Tuesday, 7 September 2010
Austerity plans & budgets: who has the ideas?
In anticipation of the Comprehensive Spending Review outcomes, nearly all public service budget holders will now be taking a long hard look at where the money gets spent and what is achieved. I can almost hear the distant clicks of numerous hatches being battened down.
Less money, probably a lot less money is going to be spent on not only on the 'frippery' of change management, organisational development and public engagement (etc.), but also on the wages of people providing direct services to some very vulnerable citizens.
Whilst there may well be very limited room for manoeuvre with the amount by which budgets will have to be reduced in these austere times, I am wondering just how much scope there is in just how budgets are reshaped.
Who has the ideas? Who needs to be involved? How will those people be involved?
I am concerned that many managers will feel driven to retreat behind closed doors, perhaps with a tame accountant, to craft the changes to be made. This is not an unreasonable course of action, of course. If people's jobs & indeed livelihoods are being questioned, if services to people in severe need are being scrutinised or if some critical priorities are being examined then confidentiality is to be expected.
The stakes are so high and the interests so potentially in great conflict, as to prevent anyone else (staff member, other connected departments & agencies, the wider public & service users) being involved in a more open & transparent discussion... would be the argument from many people, I suspect.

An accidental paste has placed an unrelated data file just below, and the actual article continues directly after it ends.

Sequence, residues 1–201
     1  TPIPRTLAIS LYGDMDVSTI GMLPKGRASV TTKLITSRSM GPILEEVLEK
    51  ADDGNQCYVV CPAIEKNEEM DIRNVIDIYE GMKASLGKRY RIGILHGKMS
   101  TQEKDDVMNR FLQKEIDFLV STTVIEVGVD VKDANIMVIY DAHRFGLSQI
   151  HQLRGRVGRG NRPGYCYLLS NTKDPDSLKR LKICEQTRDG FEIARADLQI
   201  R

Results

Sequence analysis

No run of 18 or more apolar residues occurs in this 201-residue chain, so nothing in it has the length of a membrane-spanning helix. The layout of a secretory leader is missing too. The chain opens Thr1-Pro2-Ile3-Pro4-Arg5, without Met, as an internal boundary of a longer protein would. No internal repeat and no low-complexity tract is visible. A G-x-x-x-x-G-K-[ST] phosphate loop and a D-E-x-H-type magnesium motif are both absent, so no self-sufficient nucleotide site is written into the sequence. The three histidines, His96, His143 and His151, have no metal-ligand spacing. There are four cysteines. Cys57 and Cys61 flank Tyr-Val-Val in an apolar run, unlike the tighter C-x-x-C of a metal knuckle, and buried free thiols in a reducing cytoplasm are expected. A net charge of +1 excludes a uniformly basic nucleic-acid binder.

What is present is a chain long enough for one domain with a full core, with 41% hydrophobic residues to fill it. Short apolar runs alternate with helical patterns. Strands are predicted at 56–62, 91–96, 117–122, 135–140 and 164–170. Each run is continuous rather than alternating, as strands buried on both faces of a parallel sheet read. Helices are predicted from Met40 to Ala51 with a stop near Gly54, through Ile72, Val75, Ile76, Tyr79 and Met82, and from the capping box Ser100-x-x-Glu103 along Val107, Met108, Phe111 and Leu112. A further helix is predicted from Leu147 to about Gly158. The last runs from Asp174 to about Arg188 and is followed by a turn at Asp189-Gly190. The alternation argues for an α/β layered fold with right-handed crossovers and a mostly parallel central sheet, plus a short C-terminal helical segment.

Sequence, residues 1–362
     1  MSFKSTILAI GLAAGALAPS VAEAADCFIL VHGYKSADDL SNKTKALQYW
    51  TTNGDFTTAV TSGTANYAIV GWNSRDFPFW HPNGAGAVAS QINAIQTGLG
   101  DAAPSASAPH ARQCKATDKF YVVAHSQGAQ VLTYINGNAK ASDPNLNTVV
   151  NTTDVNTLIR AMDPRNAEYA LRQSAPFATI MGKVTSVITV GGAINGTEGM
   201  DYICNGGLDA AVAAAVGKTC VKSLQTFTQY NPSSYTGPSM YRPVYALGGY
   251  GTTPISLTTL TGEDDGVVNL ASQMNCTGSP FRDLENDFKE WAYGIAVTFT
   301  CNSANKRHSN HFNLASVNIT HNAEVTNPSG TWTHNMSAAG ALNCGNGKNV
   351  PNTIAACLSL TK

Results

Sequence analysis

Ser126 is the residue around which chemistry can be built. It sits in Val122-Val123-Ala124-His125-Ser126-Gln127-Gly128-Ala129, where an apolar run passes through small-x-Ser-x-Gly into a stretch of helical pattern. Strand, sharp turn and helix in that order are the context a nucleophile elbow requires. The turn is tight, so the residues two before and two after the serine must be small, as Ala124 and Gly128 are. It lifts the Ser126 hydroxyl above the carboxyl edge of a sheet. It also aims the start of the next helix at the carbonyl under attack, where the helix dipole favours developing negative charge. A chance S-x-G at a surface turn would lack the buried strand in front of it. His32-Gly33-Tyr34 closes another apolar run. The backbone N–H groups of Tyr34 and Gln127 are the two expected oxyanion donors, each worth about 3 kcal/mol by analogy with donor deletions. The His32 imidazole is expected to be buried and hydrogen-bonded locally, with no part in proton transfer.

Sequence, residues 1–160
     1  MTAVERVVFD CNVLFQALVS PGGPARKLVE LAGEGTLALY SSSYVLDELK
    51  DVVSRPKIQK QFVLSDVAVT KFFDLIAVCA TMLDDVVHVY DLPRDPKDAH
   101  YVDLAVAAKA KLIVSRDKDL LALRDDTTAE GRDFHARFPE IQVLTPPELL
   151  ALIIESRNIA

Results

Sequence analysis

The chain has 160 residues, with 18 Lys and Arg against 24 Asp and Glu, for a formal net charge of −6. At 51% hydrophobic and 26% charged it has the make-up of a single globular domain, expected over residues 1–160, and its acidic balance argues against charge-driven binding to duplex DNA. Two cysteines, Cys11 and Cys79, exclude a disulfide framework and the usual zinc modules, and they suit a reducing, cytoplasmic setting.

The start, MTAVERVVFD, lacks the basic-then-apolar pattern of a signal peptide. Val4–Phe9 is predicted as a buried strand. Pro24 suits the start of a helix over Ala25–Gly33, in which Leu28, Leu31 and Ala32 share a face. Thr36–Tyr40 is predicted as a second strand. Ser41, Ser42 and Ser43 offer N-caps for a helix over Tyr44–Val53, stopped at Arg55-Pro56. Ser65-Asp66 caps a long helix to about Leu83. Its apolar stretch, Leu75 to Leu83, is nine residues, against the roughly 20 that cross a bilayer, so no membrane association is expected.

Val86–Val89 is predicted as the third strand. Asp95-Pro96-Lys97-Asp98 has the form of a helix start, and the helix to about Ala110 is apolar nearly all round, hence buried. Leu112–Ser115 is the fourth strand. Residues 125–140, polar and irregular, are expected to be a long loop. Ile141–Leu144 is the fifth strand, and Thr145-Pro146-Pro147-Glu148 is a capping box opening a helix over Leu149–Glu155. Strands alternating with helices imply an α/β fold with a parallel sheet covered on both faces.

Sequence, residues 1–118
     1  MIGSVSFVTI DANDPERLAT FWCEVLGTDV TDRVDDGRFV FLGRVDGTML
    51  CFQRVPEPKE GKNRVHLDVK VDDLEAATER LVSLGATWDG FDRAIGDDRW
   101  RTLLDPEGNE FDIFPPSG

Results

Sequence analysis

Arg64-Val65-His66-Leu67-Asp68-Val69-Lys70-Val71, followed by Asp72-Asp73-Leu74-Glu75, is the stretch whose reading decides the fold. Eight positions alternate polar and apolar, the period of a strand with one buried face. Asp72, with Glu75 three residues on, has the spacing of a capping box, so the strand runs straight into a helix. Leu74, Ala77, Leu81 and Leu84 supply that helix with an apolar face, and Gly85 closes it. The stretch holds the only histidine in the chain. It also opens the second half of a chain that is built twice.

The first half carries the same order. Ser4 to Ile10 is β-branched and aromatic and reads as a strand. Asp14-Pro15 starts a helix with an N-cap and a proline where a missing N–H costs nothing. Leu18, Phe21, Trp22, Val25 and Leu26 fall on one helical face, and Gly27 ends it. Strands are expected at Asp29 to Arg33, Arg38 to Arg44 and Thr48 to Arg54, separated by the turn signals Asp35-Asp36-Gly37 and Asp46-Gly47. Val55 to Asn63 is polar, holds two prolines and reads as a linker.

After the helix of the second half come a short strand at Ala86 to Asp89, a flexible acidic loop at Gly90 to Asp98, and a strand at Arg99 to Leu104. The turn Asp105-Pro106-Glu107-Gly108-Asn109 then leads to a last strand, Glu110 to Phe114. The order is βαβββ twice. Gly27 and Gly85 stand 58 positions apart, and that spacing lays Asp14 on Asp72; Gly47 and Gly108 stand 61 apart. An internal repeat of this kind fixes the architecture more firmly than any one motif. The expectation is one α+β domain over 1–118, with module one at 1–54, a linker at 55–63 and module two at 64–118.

I have argued previously on this blog for 'Austerity Charters' (see below) and I stand by this.
But, am I alone in thinking that there is much to be gained from having more inclusive approaches to deciding just where and how budgets should be cut? I take the view, that given the right context, the right leadership and the right information, many more people could contribute constructively to building these new austere budgets. Yes, there will be conflict and yes, people will seek to express and protect their interests. But also, I think, people could earnestly, collaboratively and creatively find many more ways to do more with less than a manager (with tame accountant) is able to achieve on their own.
Or am I living in some fairytale world a million miles away from the grinding & crushing reality of austerity budgets where the only 'involvement' of staff, colleagues and citizens must only be during the titular 'consultation' periods?